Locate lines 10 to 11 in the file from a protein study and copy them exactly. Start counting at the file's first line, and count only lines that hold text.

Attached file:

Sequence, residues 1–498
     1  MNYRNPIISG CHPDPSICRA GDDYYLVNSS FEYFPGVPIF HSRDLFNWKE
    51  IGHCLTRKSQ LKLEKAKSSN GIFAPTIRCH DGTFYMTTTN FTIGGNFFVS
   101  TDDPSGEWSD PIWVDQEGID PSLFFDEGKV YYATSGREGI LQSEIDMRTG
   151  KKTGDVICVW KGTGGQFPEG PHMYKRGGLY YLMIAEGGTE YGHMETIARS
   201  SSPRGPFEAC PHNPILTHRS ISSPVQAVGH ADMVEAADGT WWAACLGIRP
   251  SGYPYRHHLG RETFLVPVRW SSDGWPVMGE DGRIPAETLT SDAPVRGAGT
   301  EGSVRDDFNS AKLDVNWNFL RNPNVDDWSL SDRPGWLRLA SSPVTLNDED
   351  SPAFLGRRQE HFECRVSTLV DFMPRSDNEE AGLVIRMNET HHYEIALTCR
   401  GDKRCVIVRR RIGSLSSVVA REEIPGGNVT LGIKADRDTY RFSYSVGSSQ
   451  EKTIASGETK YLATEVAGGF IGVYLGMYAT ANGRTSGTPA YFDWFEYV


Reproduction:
   401  GDKRCVIVRR RIGSLSSVVA REEIPGGNVT LGIKADRDTY RFSYSVGSSQ
   451  EKTIASGETK YLATEVAGGF IGVYLGMYAT ANGRTSGTPA YFDWFEYV